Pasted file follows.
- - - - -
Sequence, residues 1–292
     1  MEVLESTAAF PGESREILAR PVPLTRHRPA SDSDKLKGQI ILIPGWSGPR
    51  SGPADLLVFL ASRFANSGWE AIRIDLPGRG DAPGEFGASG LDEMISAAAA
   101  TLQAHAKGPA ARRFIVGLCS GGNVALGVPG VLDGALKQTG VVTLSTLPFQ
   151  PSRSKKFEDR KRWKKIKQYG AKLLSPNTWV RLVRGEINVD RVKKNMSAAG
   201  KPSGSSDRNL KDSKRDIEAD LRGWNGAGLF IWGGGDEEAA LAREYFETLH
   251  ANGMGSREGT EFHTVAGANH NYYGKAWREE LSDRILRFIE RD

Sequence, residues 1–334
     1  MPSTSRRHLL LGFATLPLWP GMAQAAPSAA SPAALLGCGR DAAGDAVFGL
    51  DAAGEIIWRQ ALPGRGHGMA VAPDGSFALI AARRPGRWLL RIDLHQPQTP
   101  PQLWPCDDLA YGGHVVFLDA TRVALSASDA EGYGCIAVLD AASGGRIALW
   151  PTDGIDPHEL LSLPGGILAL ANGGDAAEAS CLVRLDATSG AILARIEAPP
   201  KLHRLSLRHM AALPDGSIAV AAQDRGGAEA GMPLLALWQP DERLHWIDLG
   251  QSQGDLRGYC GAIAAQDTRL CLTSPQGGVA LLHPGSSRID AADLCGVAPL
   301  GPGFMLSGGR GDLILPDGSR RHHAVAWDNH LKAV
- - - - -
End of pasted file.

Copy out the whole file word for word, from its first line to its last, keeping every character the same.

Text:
Sequence, residues 1–292
     1  MEVLESTAAF PGESREILAR PVPLTRHRPA SDSDKLKGQI ILIPGWSGPR
    51  SGPADLLVFL ASRFANSGWE AIRIDLPGRG DAPGEFGASG LDEMISAAAA
   101  TLQAHAKGPA ARRFIVGLCS GGNVALGVPG VLDGALKQTG VVTLSTLPFQ
   151  PSRSKKFEDR KRWKKIKQYG AKLLSPNTWV RLVRGEINVD RVKKNMSAAG
   201  KPSGSSDRNL KDSKRDIEAD LRGWNGAGLF IWGGGDEEAA LAREYFETLH
   251  ANGMGSREGT EFHTVAGANH NYYGKAWREE LSDRILRFIE RD

Sequence, residues 1–334
     1  MPSTSRRHLL LGFATLPLWP GMAQAAPSAA SPAALLGCGR DAAGDAVFGL
    51  DAAGEIIWRQ ALPGRGHGMA VAPDGSFALI AARRPGRWLL RIDLHQPQTP
   101  PQLWPCDDLA YGGHVVFLDA TRVALSASDA EGYGCIAVLD AASGGRIALW
   151  PTDGIDPHEL LSLPGGILAL ANGGDAAEAS CLVRLDATSG AILARIEAPP
   201  KLHRLSLRHM AALPDGSIAV AAQDRGGAEA GMPLLALWQP DERLHWIDLG
   251  QSQGDLRGYC GAIAAQDTRL CLTSPQGGVA LLHPGSSRID AADLCGVAPL
   301  GPGFMLSGGR GDLILPDGSR RHHAVAWDNH LKAV